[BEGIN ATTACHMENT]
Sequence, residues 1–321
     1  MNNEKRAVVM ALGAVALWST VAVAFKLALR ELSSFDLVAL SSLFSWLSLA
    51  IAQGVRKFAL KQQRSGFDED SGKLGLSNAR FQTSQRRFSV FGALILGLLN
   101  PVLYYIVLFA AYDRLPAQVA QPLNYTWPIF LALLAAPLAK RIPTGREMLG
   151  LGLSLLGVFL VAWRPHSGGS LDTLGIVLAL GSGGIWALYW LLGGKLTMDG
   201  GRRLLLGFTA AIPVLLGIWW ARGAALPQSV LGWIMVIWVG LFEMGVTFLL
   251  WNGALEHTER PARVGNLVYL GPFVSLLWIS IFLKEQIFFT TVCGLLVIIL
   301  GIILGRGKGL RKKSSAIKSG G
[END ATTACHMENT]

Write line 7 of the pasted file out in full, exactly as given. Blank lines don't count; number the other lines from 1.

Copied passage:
   251  WNGALEHTER PARVGNLVYL GPFVSLLWIS IFLKEQIFFT TVCGLLVIIL